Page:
What Is Tipaimukh Dam?
It is an embankment dam on the River Barak in Manipoor state of India. The dam will be 390 m long and 162.8 m high, across Barak River. The dam’s crest elevation will be at an altitude of about 180m above mean sea level with a maximum reservoir level of 178 m. The dam was originally designed to contain flood waters in the lower Barak valley but hydropower generation was later incorporated into the project. The project will have an installation capacity of 1500MW, supplied by six 250MW Francis turbine generators.
The environmental clearance approval had been received on the 24th October, 2008. The construction work for road access to the site has progressed. There are reports that contract for construction of the dam has been just concluded. The dam will be built on the international River crossing into Bangladesh from India at the confluence of the river Barak and Tuvai in the Indian State of Manipur. Total affected area of the project will be locally 319Square km and will require immediate relocation of 50,000-60,000 indigenous tribal people. However, the real social, environmental and economic repercussions of the dam will be experienced in the lower riparian country located only 150KM downstream, Bangladesh. The project has future plan to erect an irrigation barrage at Fuelertol near Lakhipur in the state of Assam, 95 km downstream of the dam, and only 50 km from Bangladesh border. It is anticipated that the disastrous environmental impact on Bangladesh will be Irreversible. Borak River divulges into Surma and Kushiara just before crossing the international border. These two rivers in Bangladesh mainly carry water to create the third largest river system as they merge to form the river Meghna. Hence any impact on the Borak River will have deadly effect on Meghna River system. Borak River also supplies water to wetlands [haors] in Sylhet region. These mainly serve as water reservoir in the monsoon season. These are also major source of fisheries in Bangladesh and in dry season farming. As of today India has not provided any official data on water sharing in post dam period. Preliminary estimates evidence that direct impact of the dam will be reduced water flow in monsoon season and higher flow in dry season. Lower flow in monsoon will cause shrinking of wetlands and higher flow in dry season will cause flooding in farmable lands. As signatory to the Ganges Treaty in 1996, India has agreed, as laid out in Article 1X of that treaty, to negotiate and share water in other common rivers. By taking unilateral actions on building dam at Tiapimukh without consulting Bangladesh, India is in violation of the treaty that it has agreed to abide by for thirty years. The negative impacts of the dam will outweigh any benefit of 1500MW of Power Generation in India, Bangladesh cannot accept India’s development at the cost of environmental, and economic disaster of Bangladesh. Tipaimukh dam is going to be a catastrophic disaster in the making for Bangladesh.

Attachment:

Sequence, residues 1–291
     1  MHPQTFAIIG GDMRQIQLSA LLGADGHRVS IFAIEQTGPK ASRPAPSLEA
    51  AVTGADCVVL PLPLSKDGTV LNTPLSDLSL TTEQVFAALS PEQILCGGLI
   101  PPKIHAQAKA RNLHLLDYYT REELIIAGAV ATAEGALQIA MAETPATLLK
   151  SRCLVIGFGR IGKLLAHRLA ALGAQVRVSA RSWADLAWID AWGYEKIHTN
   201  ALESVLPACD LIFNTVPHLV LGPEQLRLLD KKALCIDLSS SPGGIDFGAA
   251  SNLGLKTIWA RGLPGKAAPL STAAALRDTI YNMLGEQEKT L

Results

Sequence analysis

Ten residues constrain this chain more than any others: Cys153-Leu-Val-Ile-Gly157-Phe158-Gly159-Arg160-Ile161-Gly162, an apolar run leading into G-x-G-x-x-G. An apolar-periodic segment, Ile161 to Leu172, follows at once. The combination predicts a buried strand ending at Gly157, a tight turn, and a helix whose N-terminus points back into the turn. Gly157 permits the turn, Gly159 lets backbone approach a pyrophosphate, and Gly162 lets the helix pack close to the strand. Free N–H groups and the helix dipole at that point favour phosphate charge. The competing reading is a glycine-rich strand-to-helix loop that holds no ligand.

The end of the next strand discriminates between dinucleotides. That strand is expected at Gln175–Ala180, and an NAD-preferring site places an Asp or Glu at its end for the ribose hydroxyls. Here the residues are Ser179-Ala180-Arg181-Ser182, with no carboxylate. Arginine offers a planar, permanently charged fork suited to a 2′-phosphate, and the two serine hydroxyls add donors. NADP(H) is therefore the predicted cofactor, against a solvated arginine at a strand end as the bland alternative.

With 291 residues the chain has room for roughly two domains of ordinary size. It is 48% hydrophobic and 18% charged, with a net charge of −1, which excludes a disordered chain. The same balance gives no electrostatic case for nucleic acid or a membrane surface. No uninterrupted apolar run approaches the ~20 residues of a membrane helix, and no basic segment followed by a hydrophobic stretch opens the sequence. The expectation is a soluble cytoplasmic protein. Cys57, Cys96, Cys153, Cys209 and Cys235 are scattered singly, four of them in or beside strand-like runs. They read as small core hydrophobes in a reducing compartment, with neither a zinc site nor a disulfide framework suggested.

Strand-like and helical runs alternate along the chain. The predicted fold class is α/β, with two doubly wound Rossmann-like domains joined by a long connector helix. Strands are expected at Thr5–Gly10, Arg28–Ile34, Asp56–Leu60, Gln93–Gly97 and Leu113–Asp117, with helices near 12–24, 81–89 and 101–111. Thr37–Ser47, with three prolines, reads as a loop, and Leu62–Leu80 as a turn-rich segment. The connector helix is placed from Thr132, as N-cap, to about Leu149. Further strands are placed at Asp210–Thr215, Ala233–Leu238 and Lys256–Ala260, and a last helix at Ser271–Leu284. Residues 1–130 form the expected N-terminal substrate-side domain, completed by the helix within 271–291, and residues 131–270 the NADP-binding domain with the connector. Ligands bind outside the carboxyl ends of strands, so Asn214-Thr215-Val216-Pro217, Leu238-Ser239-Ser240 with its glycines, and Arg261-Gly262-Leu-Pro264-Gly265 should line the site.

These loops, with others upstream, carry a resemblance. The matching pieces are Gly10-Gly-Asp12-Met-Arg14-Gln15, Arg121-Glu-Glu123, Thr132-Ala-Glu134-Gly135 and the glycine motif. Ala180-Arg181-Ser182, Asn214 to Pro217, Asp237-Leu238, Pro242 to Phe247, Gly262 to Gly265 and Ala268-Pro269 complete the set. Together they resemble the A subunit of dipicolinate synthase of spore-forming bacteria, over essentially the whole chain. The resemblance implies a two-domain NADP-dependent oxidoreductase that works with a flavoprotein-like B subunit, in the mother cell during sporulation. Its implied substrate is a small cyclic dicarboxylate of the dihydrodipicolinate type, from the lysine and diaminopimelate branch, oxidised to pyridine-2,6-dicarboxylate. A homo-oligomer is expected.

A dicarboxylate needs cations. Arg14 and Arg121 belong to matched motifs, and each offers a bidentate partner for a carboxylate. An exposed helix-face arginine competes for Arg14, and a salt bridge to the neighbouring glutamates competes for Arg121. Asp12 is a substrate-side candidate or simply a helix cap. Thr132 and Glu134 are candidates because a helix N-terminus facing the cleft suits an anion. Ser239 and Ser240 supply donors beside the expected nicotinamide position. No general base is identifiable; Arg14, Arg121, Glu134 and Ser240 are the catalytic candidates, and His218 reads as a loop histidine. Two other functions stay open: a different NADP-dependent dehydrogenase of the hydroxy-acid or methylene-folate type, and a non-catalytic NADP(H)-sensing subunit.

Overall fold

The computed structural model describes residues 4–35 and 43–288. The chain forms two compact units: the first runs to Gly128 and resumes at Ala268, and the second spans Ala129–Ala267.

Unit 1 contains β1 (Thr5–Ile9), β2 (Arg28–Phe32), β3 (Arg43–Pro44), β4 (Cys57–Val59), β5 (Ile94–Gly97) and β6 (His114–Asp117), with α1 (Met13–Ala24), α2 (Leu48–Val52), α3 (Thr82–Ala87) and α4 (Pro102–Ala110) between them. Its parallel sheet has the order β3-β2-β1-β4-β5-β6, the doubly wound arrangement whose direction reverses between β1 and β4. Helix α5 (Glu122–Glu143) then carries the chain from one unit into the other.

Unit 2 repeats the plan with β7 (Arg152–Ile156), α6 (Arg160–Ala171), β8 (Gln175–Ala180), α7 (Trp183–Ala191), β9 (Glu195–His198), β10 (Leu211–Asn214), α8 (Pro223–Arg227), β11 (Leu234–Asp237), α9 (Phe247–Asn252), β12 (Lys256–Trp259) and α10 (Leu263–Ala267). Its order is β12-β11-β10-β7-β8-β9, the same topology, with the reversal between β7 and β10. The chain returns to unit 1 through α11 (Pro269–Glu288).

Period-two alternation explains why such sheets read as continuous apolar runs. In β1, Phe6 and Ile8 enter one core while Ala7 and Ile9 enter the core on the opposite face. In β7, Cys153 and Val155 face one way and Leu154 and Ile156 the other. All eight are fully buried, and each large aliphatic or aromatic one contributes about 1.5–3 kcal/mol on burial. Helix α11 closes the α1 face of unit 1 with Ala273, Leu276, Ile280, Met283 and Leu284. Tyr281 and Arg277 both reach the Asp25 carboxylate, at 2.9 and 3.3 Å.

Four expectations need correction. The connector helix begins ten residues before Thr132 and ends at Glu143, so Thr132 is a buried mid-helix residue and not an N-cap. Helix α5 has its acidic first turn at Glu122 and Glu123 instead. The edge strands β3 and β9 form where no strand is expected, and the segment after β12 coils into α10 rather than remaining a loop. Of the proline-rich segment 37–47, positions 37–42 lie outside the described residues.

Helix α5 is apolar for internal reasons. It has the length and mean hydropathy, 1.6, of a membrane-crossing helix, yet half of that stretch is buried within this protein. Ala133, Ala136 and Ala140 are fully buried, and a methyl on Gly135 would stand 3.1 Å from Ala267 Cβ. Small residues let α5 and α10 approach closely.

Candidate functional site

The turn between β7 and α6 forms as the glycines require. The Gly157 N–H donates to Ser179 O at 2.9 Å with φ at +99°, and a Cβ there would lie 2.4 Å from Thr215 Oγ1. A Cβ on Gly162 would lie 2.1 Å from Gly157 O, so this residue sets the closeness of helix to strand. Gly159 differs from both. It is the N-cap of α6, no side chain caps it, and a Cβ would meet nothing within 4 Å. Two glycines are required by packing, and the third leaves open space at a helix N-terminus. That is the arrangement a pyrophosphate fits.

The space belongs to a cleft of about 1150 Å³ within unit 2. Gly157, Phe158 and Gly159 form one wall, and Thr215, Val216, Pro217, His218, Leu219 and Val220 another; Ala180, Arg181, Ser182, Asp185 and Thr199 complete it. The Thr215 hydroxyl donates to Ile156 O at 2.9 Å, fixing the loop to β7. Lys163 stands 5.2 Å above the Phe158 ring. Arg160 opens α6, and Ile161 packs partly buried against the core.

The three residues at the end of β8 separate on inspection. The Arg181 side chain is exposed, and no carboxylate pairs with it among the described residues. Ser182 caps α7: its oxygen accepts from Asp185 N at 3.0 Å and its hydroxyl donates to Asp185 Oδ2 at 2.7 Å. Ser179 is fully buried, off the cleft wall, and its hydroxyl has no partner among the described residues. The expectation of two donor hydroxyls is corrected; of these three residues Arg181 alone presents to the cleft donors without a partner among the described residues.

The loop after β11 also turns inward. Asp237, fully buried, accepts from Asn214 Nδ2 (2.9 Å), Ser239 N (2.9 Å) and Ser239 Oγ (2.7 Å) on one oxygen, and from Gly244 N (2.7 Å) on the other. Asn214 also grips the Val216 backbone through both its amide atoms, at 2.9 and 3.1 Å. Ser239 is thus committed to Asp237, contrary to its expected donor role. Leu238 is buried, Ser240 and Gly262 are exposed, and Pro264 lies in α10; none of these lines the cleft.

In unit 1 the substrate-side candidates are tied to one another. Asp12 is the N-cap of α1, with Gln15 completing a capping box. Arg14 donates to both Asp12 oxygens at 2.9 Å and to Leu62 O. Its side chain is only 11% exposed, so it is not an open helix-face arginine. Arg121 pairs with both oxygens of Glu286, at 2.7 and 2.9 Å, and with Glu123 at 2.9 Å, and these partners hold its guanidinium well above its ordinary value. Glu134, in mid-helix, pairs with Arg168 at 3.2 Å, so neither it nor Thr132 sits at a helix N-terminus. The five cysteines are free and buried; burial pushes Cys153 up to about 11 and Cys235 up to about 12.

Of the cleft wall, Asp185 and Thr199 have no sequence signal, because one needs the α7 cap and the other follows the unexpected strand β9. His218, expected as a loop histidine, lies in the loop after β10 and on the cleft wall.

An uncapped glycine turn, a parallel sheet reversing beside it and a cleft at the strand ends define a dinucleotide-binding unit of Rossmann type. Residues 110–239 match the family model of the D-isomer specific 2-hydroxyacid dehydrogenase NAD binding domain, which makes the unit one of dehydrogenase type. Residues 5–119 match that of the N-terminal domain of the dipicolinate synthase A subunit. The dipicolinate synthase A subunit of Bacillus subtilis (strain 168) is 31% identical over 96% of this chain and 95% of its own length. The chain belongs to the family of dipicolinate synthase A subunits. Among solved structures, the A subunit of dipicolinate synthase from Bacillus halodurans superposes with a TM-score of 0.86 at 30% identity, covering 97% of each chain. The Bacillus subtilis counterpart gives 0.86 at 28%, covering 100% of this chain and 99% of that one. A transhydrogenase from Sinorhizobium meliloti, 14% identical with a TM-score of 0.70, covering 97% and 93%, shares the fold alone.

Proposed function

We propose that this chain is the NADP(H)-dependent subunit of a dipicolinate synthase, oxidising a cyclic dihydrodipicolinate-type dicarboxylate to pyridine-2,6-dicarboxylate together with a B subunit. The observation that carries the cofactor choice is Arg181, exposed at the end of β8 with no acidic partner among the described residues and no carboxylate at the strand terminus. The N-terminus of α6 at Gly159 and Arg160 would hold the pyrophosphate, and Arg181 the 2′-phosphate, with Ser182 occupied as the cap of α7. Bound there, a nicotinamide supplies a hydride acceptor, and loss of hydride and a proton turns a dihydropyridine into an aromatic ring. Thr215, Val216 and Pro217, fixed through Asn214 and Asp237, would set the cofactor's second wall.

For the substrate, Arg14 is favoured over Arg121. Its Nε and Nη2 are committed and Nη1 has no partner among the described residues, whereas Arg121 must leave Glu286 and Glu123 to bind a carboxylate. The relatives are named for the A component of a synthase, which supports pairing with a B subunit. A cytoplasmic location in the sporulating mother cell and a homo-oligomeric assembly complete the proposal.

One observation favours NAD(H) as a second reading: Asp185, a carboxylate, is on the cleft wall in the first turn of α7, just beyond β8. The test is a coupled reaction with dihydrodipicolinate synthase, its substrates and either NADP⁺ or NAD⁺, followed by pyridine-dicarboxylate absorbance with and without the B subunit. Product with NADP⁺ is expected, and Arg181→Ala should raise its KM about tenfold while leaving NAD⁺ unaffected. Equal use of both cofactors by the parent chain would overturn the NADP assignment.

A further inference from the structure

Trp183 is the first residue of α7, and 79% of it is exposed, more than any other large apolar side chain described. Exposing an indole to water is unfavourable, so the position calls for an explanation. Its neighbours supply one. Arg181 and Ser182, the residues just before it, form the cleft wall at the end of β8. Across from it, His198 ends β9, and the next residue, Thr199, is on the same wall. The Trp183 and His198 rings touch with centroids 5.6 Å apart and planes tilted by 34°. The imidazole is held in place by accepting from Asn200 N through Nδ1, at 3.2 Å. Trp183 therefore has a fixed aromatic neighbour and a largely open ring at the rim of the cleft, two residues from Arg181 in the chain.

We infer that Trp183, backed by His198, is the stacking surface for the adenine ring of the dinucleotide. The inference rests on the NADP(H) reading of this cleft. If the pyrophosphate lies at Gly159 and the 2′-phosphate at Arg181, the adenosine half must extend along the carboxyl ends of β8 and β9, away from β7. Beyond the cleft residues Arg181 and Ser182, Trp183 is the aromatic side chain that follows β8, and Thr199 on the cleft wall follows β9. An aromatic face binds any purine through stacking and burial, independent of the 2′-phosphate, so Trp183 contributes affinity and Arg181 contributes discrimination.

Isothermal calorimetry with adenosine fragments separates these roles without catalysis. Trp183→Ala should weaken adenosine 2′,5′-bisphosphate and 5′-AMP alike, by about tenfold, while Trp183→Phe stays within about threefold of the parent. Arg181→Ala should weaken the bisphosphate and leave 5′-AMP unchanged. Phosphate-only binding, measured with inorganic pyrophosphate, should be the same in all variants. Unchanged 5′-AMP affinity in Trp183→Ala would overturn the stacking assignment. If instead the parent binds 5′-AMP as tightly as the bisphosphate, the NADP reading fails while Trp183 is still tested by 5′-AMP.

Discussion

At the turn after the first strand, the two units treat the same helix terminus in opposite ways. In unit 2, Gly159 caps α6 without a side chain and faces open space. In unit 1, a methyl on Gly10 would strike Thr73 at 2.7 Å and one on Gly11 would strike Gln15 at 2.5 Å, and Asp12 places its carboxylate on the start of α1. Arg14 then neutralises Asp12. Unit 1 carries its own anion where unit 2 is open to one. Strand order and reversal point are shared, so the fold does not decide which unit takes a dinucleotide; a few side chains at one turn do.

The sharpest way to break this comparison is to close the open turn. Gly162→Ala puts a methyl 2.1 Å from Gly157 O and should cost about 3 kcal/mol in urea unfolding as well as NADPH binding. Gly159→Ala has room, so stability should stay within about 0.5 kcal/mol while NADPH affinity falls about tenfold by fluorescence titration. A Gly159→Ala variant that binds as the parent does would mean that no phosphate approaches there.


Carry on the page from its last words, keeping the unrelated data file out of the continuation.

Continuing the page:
The above findings are also supported by a study, “Hydrological Impact Study of Tipaimukh Dam Project” of the Institute of Water Modelling [IWM] Bangladesh in 2005. The report summarized the overall nature of impact in six categories, including hydrological impact, impact on flooding patterns and on river flood plain – wetland ecosystem, impact on morphology, impact on water quality, dam-break and overall in general. The study predicts the dam will change the hydrological pattern of the River Barak, the second largest drainage system in northeast India, and reduces the navigability of the Surma and Kushiyara downstream.
According to the study Bangladesh needs water in the drier monsoon for fish and cultivation; the dam authorities will hold 27 percent more water in June, 16 percent in July and 14 percent in August and 4 percent in September than an average monsoon year. The pre-monsoon water flow will increase up to 25 and 15 percent in April and May respectably due to release of water from the dam just ahead of the monsoon. These will cause moderate to severe floods in some parts of the Sylhet Region in April and May and inundate boro fields at harvest time.
The impacts on the flood plain – wetlands will destroy the natural integrity of the ecosystem and the consequences of this will induce loss of habitat for many species and even cause extinctions in the North – eastern region of Bangladesh.
The study report was shared with India but unfortunately India never came back with comments.
Common Bangladeshis are unaware of the technical details or actual impacts of Tiapimukh Dam and hydroelectric project. But the adverse Impacts of Farakka is live to all. We also know how Kaptai Hydro Electric project created miseries to our tribal community in Chittagong Hill Tracts. Bangladesh cannot afford to let India build another Farakka like death trap for Bangladesh. There must not be any politics here. PM Hasina sounded tough on the issue in the parliament. We like to see actions. We want to have all information about what is going on there and how Indian actions will keep Bangladesh harmless? Leader of the opposition must not blame Government here and for the greater interest stand by government actions. It is not time to discuss who did what in the past. It is time for strong national unity on a very important national issue. It is a time to demonstrate that Bangladeshis as proud nation always unites for common national cause. We like to see that two leading ladies refrain from exchanging vollies to each other on the issue. Other minor parties must not show adventurism as well. Nonresident Bangladeshis especially strong Sylhettis must raise concern and register strong voice of disapproval on the project.
International norms also cannot allow upper riparian country divert and control flow through common rivers causing extensive damage to lower riparian country. India must listen to united voice of Bangladesh and immediately share all relevant information with Bangladesh. We all would like to be convinced that Indian actions do not really cause any damage to Bangladesh. Till such time India must put on hold of all actions on Tipaimukh Dam Construction.